Here's the problem with Android Wear. Although my G Watch R is always with me, notifying me and taking my commands, controlling it with anything but voice seems a tad cumbersome. You can realistically hold and interact with a phone using one hand, but you can't with a watch. You need both hands, which, if you ask me, feels like a step backwards sometimes. If my right hand is in my pocket, or holding something, steering, mixing a batch of cake filling, typing, grocery shopping, brushing my teeth, climbing a mountain, squeezing a lemon, or otherwise occupied, I have to interrupt whatever it is doing and bring it together with my left wrist to take care of a new notification on my watch.
There have been a few Kickstarter and Indiegogo campaigns lately that are pushing the idea of a modular phone similar to Google's Project Ara. These are devices designed by small teams of people without the engineering resources of Google, and if you'll forgive my pessimism, they sound like nonsense. Nexpaq is a somewhat more modest take on the modular phone. The modules plug into the Nexpaq case and you simply drop in your existing phone.
The people who brought you HDHomeRun, a set of cable tuners that allow you to watch television on devices other than your base TV, are now close to bringing a DVR to market. With over $100,000 pledged on Kickstarter, they have now reached their funding goal to release this new, more practical product.
Previous HDHomeRun products simply allowed you to stream whatever was on your TV live to other devices, like Android tablets or game consoles, on your home network.
This isn't your typical Kickstarter. Jeremy Chau, one of the company's co-founders, states it clearly from the get-go in the campaign's introductory video. Remix isn't a bunch of over-promised under-delivered hogwash that may get stuck for years in the development and manufacturing process like 90% of Kickstarter products — it is a real tablet, it was demo'ed at CES, and it's already being sold in China.
Stop me if you've heard this one before: an ambitious group of hardware creators has an idea for an Android-based gaming console, but they need your help to complete it. Yes, the ZRRO sounds a lot like many other Android set-top boxes that have cropped up over the last few years. But wait, there's more! This one includes a touch-based controller... that works a lot like a remote smartphone. Without the screen.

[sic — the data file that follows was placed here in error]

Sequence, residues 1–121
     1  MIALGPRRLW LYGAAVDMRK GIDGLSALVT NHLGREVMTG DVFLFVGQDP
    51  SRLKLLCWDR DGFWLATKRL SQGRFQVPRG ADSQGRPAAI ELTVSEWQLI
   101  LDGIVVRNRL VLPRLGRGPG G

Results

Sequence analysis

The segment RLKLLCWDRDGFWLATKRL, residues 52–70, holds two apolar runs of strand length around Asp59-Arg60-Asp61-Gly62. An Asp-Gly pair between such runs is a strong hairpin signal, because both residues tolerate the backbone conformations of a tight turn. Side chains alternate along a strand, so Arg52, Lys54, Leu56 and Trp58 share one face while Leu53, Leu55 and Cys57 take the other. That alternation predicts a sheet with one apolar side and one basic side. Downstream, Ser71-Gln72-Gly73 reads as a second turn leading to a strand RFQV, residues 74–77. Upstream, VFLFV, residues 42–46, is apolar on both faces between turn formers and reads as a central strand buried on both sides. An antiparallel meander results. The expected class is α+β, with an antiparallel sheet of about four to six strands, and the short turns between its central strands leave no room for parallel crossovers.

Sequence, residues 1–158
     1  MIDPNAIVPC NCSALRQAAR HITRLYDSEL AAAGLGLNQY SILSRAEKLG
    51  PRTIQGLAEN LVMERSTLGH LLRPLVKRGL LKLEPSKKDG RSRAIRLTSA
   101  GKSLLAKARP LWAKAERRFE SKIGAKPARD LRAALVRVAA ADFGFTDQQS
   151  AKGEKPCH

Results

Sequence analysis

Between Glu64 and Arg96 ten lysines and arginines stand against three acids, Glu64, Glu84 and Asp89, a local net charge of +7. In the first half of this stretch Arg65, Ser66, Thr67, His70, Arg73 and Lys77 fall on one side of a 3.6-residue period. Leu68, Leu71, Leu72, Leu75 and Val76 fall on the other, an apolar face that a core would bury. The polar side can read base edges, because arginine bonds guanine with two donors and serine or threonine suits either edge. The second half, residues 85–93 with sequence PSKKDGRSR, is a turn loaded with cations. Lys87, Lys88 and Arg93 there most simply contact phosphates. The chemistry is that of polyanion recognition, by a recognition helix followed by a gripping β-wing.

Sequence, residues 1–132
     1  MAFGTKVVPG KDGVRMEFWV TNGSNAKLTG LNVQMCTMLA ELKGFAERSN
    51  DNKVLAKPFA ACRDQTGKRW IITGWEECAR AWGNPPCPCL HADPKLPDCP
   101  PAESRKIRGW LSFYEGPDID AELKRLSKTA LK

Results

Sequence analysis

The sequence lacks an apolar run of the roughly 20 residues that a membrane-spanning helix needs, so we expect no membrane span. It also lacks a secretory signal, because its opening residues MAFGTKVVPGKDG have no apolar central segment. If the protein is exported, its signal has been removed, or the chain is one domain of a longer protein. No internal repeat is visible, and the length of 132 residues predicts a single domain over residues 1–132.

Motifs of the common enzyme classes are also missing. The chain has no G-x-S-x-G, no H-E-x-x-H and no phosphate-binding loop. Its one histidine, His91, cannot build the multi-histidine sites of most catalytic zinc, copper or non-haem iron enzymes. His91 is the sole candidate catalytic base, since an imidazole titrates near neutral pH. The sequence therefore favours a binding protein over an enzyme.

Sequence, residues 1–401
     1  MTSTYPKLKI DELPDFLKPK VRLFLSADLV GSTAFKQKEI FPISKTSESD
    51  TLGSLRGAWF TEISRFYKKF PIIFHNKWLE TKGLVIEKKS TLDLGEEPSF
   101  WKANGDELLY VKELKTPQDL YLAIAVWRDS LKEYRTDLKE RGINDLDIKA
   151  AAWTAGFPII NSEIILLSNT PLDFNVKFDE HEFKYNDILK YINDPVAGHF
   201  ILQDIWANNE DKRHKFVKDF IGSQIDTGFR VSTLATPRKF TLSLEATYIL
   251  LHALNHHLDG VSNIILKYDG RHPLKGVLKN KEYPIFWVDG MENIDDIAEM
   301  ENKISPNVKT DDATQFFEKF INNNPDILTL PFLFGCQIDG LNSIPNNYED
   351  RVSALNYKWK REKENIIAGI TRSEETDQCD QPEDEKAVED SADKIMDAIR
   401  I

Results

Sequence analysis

Like the Pebble Steel before it, the Pebble Time Steel doesn't change the internals found in its plastic sibling, except for a larger battery, which will apparently provide this model with up to 10 days of use.
Ever lose your wallet? Presumably it would be much harder to lose this one. Woolet is basically a wallet with a Bluetooth tether built in that can be paired with your phone. It has just been funded on Kickstarter with more than a month still to go.
When the time came to unveil its second generation smartwatch, Pebble returned to the crowdfunding site where everything began. Setting the bar low, the company only wanted $500,000 to call the Pebble Time project, the name of its new watch, a success. Within half an hour, it had already reached a million dollars. Now the project sits over $10.5 million with 29 days left to go.
Can a grown-up company return to the kiddie pool of Kickstarter funding to help with its new product? Of course it can - this is how development works now! This morning the makers of Pebble announced Pebble Time, the company's second generation of Pebble hardware, launching exclusively through a Kickstarter funding campaign (like the record-breaking original two years ago). The company hit its modest $500,000 goal less than half an hour after posting the page.
There are a lot of weird convergence devices that have come and gone (and often gone nowhere) on fundraising platforms, but the Beam is probably unique. It's a combination Android-based computer and pico projector that fits in and is powered by a standard light bulb socket, allowing users to set up a small projector and/or media machine in some unconventional places. The campaign has reached and surpassed its $200,000 funding goal on Kickstarter with more than three weeks left before the end of the campaign, meaning it will (hopefully) go into production and be ready for backers in October of this year.